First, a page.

Four weeks a go, Cantor was full of praise for Obama's commitment to bipartisanship:
"I have met with Rahm and spoken with him several times and he said, 'Look, you need to understand--working in a bipartisan manner is something the president-elect takes seriously,'" Cantor noted. "It has thus far been a very efficient process."
"[Obama] was very clear: he said bring us your ideas," Cantor recalled. "I take the president-elect at his word that he really does want to change the way Washington works."
Two weeks ago, Cantor told NPR he believed Obama was "open to continuing to work to try and get this stimulus right." Then, having got Obama and the congressional Democrats to dedicate a large portion of the plan to Republican favored tax cuts and and to cut provisions that might have helped women, children, and first responders, Cantor led the House Republicans in unanimously rejecting the bill. After that duplicitous performance, what does Cantor have to say? He's blaming Obama for not being bipartisan.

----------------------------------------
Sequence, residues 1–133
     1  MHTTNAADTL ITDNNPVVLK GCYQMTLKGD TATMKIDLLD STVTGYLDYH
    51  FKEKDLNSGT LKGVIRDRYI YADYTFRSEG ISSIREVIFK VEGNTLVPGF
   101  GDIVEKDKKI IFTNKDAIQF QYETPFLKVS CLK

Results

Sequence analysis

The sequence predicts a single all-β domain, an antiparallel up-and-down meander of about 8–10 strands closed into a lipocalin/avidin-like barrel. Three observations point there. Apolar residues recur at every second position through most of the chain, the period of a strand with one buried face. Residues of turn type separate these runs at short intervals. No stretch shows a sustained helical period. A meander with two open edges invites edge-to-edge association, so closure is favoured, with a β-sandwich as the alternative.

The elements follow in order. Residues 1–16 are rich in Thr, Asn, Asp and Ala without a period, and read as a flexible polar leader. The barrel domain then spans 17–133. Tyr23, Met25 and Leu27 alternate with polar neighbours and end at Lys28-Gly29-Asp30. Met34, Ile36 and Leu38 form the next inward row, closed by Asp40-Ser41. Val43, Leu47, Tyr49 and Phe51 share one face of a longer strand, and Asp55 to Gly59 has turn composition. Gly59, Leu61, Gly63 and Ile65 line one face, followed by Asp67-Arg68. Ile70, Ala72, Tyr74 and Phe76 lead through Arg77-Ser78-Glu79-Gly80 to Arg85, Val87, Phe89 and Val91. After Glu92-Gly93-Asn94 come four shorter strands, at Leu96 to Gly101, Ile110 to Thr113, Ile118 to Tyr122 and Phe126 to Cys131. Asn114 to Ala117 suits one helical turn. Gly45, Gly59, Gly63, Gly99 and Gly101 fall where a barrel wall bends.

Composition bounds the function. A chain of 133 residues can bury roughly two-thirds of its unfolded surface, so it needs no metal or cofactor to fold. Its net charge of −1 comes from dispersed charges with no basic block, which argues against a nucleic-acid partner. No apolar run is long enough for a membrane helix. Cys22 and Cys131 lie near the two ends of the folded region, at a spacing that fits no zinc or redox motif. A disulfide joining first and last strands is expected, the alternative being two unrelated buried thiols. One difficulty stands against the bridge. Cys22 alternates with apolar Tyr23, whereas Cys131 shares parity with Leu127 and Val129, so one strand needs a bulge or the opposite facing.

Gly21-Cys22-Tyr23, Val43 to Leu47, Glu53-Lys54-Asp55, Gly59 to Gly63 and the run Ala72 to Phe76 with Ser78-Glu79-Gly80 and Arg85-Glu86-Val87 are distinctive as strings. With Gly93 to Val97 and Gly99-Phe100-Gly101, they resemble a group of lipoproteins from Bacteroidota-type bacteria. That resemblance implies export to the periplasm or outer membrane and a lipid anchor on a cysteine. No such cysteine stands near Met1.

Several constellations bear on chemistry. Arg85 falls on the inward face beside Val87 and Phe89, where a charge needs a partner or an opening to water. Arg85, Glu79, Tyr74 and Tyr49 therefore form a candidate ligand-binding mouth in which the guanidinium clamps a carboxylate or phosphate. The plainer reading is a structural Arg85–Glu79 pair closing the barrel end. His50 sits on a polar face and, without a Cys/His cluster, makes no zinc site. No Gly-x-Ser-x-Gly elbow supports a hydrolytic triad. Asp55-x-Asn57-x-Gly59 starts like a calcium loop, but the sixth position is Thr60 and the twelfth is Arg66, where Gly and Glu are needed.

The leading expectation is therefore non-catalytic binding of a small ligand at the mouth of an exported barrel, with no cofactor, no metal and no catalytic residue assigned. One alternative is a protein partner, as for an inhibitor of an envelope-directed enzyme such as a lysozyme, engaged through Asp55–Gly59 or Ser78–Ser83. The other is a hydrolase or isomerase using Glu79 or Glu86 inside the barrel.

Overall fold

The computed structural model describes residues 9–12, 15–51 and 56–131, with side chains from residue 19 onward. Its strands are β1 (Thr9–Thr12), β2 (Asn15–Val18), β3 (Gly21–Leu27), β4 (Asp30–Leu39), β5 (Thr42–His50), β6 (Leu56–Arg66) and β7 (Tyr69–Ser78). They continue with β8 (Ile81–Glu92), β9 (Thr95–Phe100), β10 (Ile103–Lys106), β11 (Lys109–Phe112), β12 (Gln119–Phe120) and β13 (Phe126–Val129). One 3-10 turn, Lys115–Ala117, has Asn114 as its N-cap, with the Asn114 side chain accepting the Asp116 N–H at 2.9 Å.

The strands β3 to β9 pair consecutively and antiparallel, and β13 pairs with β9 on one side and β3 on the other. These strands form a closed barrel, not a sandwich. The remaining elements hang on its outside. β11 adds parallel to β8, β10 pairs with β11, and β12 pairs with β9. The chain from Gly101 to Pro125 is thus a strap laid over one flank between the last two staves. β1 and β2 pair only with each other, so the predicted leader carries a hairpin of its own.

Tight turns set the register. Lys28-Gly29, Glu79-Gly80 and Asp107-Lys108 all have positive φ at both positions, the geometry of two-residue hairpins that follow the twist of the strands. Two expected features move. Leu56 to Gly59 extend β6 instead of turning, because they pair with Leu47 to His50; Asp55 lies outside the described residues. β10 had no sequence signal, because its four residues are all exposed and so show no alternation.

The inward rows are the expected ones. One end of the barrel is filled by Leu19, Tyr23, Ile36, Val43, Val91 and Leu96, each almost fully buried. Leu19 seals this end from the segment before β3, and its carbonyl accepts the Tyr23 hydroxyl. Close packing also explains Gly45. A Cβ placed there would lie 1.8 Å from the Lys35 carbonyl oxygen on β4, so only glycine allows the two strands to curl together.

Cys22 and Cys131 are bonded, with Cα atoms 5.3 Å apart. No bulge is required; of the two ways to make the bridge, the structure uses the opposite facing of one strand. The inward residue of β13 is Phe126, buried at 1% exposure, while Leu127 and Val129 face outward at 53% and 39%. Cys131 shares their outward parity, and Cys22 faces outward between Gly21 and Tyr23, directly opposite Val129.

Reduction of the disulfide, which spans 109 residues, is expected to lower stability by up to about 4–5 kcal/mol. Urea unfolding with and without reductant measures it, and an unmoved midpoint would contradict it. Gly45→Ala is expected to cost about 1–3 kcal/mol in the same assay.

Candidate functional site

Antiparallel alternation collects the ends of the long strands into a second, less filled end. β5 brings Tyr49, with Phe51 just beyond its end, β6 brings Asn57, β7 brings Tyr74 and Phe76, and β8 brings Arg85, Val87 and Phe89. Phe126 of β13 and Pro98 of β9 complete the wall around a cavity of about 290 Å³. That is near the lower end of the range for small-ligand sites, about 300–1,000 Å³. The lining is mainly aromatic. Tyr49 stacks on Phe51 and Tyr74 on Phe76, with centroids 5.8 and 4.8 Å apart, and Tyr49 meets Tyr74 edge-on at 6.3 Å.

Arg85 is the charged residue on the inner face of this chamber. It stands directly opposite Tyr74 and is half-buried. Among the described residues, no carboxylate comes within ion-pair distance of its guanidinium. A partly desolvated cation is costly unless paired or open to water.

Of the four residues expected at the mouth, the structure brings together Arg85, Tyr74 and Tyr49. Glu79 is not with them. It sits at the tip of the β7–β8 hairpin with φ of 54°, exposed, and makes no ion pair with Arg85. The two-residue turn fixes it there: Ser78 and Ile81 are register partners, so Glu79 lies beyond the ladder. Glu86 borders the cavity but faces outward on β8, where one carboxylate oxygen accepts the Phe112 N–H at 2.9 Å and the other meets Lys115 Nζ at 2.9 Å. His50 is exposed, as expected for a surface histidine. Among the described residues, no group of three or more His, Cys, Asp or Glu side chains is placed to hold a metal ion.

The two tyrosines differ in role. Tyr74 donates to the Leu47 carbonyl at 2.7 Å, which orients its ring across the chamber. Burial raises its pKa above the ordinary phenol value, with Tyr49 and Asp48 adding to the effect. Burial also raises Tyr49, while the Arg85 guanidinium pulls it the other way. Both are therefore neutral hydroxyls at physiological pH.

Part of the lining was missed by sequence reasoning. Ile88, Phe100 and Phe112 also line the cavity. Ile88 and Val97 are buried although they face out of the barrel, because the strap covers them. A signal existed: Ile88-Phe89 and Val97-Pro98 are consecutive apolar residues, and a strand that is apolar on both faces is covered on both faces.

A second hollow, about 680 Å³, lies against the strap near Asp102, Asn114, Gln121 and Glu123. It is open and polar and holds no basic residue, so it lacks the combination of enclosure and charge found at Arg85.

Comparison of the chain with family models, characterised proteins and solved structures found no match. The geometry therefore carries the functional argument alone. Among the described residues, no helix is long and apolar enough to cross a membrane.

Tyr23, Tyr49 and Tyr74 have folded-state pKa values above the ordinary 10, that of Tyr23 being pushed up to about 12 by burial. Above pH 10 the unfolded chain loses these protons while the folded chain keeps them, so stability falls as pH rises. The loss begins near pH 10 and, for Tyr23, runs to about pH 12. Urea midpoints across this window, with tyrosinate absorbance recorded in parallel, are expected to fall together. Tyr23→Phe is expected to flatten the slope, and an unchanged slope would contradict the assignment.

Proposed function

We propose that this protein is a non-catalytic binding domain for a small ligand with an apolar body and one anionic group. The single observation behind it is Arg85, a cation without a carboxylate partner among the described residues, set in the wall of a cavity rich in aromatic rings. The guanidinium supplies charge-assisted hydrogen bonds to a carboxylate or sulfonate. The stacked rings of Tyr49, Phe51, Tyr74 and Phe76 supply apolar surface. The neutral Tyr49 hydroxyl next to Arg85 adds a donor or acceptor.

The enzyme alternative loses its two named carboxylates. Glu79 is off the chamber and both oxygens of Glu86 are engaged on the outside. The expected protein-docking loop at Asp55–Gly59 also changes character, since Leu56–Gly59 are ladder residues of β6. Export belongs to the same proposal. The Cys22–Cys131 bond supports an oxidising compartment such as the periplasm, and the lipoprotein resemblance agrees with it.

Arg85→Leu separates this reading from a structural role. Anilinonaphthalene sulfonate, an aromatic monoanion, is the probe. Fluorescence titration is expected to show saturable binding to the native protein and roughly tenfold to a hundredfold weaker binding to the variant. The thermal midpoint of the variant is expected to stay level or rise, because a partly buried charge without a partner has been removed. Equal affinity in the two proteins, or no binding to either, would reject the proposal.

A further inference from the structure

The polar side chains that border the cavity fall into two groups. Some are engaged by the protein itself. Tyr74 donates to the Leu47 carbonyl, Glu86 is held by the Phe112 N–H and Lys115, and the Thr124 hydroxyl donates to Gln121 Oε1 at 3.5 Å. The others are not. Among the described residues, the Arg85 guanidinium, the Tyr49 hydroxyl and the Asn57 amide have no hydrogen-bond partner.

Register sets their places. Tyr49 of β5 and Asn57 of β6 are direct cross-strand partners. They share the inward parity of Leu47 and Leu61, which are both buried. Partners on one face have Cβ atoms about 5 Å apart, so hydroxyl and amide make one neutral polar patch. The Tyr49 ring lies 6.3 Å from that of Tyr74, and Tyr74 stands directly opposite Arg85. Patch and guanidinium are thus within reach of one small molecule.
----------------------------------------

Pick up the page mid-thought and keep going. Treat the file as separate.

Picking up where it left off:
"Though the administration’s marketing of its bipartisan hard work has been outstanding, the actual work has been almost nonexistent," said Brad Dayspring, spokesman for House Minority Whip Eric Cantor.
The Washington press corps seem to think that Cantor's rank entitles him to unlimited camera time and column inches. But, considering the fact that he's nothing more than a serial liar and hack propaganda minister, shouldn't the press corp be calling him on his behavior or looking for less dishonest Republicans to talk to? Is this the sort of thing they should be encouraging?
(This post was almost entirely stolen from Think Progress.)